Posted by Jenn F. on Tuesday, June 19th, 2012
What’s the classic image of an ankle sprain? A person taking a wrong step off a curb. A basketball player landing awkwardly on another player’s foot. Someone slipping while goofing around poolside.
In each of these cases, you probably picture the slo-mo action of the foot coming down and landing on its outside edge instead of on the sole, the ankle rolling outward and down, followed by the inevitable, “Ow, I just did something to my ankle” (insert more colorful language as desired).
This would be correct for about 90% of all sprained ankles. The other 10% go in a different direction–literally. The foot lands on the inside edge and the ankle rolls inward. This is called an eversion sprain.
Eversion? I’ve heard of inversion. Oh, of course you have. Inversion is the popular one, the word that appears much more often in ordinary life (“The inversion of the angel food cake went smoothly”). The common, 90%-of-the-time ankle sprain is an inversion ankle sprain.
So what happens with an eversion ankle sprain? Can you give me more detail? Yes! The deltoids ligaments are found on the medial side, or inside of the foot. These strong ligaments help support the ankle and keep it from bending or turning inwards. They are stronger than the lateral ligaments, or the ligaments on the outside of your leg. The strength of the deltoid ligaments, combined with the power of the thick, strong fibula bone keep your ankle from everting, or rolling inwards–most of the time.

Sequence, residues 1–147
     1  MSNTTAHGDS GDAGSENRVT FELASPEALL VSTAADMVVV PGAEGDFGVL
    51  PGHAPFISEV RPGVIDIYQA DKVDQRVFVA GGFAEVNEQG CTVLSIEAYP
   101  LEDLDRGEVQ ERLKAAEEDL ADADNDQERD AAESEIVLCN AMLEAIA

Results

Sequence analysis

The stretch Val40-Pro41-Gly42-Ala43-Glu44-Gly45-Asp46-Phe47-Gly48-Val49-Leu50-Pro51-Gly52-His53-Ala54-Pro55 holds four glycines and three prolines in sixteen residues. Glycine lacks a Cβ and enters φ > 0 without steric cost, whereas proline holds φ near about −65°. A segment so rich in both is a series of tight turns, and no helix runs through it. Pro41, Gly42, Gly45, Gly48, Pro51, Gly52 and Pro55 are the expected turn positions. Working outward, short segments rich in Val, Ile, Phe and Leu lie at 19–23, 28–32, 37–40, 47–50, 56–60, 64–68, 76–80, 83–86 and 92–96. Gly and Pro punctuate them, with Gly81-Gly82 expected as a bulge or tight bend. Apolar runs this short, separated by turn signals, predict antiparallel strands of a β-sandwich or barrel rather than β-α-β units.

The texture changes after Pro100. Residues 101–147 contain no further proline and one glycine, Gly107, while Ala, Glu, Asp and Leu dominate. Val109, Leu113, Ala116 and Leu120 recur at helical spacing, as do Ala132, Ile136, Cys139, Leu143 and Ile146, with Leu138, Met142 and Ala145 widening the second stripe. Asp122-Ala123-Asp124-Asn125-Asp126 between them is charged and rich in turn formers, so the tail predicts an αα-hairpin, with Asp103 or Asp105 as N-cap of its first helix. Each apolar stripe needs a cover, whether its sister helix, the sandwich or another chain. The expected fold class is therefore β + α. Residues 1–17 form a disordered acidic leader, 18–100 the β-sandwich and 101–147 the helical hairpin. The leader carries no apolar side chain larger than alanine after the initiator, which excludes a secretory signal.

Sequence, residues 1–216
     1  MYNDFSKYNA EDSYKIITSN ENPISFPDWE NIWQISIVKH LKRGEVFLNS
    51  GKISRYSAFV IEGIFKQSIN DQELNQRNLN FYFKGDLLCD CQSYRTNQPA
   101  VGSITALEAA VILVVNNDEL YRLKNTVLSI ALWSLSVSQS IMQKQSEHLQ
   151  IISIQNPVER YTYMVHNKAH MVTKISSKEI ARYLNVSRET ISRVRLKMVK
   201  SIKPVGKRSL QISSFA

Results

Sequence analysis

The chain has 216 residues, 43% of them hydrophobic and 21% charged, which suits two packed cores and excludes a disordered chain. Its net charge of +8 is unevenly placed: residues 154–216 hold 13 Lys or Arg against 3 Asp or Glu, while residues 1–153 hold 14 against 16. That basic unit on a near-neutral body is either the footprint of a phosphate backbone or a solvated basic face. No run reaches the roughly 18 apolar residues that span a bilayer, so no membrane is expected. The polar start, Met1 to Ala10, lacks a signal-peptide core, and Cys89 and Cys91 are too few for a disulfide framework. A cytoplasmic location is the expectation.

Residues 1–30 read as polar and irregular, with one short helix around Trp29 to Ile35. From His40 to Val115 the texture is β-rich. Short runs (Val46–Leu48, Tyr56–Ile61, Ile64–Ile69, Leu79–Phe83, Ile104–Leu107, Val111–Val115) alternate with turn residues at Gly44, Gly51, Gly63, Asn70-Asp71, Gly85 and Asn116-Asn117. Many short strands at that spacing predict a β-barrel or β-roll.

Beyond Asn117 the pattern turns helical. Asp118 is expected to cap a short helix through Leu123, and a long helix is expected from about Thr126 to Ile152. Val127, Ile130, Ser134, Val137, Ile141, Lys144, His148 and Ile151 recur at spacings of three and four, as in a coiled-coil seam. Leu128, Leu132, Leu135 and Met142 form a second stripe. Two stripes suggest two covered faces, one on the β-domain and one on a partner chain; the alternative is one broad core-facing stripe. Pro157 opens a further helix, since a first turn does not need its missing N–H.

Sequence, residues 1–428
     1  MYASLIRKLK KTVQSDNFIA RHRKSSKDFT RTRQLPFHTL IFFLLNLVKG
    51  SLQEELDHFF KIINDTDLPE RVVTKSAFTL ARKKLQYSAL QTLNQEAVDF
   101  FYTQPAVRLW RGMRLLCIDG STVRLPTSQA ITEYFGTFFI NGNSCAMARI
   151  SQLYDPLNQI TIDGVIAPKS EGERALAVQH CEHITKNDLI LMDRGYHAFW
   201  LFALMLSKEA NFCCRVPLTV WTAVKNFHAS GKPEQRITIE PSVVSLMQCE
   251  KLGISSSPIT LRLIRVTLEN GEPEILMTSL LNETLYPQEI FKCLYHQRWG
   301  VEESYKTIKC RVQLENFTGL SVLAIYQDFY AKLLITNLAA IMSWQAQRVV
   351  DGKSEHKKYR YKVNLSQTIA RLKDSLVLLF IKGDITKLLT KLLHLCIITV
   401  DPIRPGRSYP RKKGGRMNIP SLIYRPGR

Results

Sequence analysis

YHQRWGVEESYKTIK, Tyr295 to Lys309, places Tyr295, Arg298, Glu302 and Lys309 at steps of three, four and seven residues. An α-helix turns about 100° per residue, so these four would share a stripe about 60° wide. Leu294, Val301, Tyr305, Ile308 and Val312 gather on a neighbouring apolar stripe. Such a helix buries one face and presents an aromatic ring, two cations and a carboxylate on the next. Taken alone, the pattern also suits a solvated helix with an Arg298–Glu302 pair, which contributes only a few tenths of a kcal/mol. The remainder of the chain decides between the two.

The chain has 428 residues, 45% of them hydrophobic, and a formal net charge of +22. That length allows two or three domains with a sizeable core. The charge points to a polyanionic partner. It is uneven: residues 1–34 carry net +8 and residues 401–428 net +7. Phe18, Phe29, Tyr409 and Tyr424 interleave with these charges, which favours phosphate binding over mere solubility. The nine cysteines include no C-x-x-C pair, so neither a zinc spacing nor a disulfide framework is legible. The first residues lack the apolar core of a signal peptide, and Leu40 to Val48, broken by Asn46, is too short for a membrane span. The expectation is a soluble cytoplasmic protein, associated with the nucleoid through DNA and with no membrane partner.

Oh, so that’s why these sprains are rarer. Indeed. Don’t actually do it, but just think about how quickly your foot and leg correct your position when you start to land on the inside of your foot as opposed to how easily your ankle rolls in the other direction. Again, don’t actually do it–just let all the awkward steps in your life flash before your eyes and remember how rarely your ankle rolls inward. So when you do evert your ankle, it’s the result of a pretty powerful misstep.
What are the symptoms of an eversion ankle sprain? The first is hearing your brain say, “Hey, I just rolled my ankle inward in a really extreme way. That’s never happened to me before.” The second is a lot of pain, followed by swelling and bruising on the inside of your ankle. You’ll realize that you can’t put much weight, if any, on your foot and that you don’t have much range of motion. Those are pretty solid signs that you have an eversion ankle sprain. However, to be sure you should contact a podiatrist at The Center for Podiatric Care and Sports Medicine (212.996.1900) to get an exam and accurate diagnosis.
How is an eversion ankle sprain treated? The same way as an average inversion ankle sprain–rest, ice, compression, elevation for the first 48 hours. In severe cases, a podiatrist may give you a cane or walking boot to help you keep your weight off. Eversion ankle sprains can take twice as long to heal as inversion ankle sprains, though. Once the ankle has healed, you’ll need to do some exercises to help restore full mobility and strengthen your ankle. Your podiatrist will be able to recommend a course of rehab for you, but you can also check out some eversion ankle exercises at Livestrong and Physioadvisor. Halpern Fitness has some suggestions for a time line for exercises and rehab, as well as how to strengthen your ankle to help prevent future injuries.
Thanks, but I think I’ll try to avoid an eversion ankle sprain. Good idea. If, however, you do have some kind of ankle or foot issue, don’t hesitate to contact The Center for Podiatric Care and Sports Medicine. Dr. Josef J. Geldwert, Dr. Katherine Lai, and Dr. Ryan Minara have helped thousands of people get back on their feet.
If you have any foot problems or pain, contact The Center for Podiatric Care and Sports Medicine. Dr. Josef J. Geldwert, Dr. Katherine Lai, and Dr. Ryan Minara have helped thousands of people get back on their feet. Unfortunately, we cannot give diagnoses or treatment advice online. Please make an appointment to see us if you live in the NY metropolitan area or seek out a podiatrist in your area.